Friday, January 25, 2013
HIPAA Final Omnibus Rule Brings “Sweeping Changes” to the Health Care Industry
The long wait for the HIPAA Final Omnibus Rule is finally over, and it covers a broad range of HIPAA issues, including:
- The Breach Notification Rule;
- The HIPAA Enforcement Rule, implementing changes mandated by the HITECH Act;
- The Privacy and Security Rules, implementing changes mandated by the HITECH Act, as well as other changes to the Privacy Rule proposed in July 2010; and
- The Privacy Rule, implementing changes required by the Genetic Information Nondiscrimination Act.
The final rule does not address the changes proposed in the notice of proposed rulemaking issued in May 2011 that would make changes in the requirements for accounting of disclosures and create the right for an individual to receive an access report.
In its press release, HHS stated that the final rule “greatly enhances a patient’s privacy protections, provides individuals new rights to their health information, and strengthens the government’s ability to enforce the law.” Further, the HHS Office Civil Rights Director Leon Rodriguez said in a press release, “[t]his final omnibus rule marks the most sweeping changes to the HIPAA Privacy and Security Rules since they were first implemented.” Among other things, the final rule:
- Makes provisions of the Privacy and Security Rules applicable to business associates as well as the subcontractors of those business associates.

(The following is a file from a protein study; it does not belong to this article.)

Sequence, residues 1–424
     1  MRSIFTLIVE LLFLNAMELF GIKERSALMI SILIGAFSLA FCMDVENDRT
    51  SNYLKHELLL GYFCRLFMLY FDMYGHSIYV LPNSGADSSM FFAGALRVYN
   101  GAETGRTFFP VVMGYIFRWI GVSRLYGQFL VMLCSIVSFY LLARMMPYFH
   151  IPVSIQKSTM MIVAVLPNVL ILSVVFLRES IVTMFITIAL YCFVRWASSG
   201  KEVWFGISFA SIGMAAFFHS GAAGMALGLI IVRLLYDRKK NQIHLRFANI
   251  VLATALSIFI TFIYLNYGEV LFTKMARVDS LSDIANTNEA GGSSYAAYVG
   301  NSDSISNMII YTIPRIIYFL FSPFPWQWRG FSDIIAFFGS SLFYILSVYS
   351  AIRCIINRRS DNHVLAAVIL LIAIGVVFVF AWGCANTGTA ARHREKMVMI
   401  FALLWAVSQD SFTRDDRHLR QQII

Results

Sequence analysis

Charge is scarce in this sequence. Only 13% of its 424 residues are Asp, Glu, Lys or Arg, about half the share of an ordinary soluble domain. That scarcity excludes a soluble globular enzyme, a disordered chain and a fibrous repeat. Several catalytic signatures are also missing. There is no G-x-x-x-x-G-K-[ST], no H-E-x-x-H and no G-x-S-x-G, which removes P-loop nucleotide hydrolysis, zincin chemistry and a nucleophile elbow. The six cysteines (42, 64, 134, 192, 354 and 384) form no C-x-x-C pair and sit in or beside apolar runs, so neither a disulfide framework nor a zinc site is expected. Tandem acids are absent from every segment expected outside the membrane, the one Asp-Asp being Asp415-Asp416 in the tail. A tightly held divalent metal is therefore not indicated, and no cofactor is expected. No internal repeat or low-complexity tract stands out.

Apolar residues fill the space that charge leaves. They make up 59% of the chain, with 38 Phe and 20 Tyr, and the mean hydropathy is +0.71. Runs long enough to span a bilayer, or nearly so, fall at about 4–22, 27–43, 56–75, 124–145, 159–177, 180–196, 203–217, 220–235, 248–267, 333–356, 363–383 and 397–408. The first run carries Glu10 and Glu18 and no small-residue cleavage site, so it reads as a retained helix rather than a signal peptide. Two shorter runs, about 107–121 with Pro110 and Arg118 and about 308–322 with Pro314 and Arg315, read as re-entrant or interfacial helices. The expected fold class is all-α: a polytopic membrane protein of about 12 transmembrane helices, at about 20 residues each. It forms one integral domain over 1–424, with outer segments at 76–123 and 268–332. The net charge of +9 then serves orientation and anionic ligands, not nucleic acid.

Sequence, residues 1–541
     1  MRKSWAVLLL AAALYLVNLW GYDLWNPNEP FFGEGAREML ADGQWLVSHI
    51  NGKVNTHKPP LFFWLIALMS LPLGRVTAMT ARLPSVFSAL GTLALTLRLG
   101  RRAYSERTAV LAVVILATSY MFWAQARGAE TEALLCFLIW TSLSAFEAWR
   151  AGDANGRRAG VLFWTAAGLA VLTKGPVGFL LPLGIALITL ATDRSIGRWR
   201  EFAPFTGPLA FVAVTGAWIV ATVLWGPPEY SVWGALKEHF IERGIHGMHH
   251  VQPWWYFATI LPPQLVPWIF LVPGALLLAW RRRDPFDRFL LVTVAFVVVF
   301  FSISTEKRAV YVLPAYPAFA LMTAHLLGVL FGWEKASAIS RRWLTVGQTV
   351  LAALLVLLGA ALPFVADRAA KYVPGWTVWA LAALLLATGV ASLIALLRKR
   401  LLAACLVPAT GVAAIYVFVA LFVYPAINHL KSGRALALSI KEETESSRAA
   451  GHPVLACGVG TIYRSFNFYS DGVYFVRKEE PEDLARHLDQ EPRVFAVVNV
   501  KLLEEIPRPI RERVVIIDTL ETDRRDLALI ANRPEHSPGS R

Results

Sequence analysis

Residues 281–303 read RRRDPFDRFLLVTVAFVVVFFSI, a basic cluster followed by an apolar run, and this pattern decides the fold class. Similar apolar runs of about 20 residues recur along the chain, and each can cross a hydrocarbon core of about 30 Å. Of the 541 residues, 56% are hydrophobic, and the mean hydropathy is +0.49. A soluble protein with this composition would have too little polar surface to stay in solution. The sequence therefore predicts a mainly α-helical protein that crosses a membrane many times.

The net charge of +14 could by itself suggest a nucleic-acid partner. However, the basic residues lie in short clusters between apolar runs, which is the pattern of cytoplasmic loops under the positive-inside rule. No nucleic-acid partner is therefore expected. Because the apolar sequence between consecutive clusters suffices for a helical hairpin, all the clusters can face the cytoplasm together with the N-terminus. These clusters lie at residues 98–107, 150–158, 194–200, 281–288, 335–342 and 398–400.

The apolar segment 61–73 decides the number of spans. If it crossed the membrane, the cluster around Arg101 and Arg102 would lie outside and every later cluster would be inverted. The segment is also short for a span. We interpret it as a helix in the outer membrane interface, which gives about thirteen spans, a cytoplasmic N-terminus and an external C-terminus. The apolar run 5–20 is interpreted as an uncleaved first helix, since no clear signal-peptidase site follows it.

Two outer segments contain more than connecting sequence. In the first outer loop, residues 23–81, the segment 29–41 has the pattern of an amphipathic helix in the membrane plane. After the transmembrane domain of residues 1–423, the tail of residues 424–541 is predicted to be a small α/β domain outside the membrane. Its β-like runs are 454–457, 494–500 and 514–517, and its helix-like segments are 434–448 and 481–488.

- Establishes new limits on how protected health information (“PHI”) can be used for marketing and fundraising. Some of the new provisions differ from the provisions in the proposed rule. Except for refill reminders and similar communications, treatment and health care operations communications for which a covered entity or business associate receives remuneration is considered marketing.
- Prohibits the sale of PHI without authorization (subject to certain exceptions).
- Changes the definition of “breach” for purposes of the Breach Notification Rule. An acquisition, access, use or disclosure of PHI in violation of the Privacy Rule is now presumed to be a breach – requiring notification to the individual, to HHS, and, in some instances, to the media – unless the covered entity or business associate can demonstrate that there is a low probability that the PHI has been compromised based on a risk assessment that must include consideration of certain factors.
- Prohibits most health plans from using or disclosing genetic information for underwriting purposes.
The final rule will be effective on March 26, 2013, and compliance with the new HIPAA provisions will be required by September 23, 2013. Health care providers should spend time analyzing the final rule over the coming months because even though it provides additional time (up to one additional year) for covered entities and business associates to finalize new business associate agreements, many current policies, processes and agreements will need to be revised in order to be compliant with the final rule’s requirements.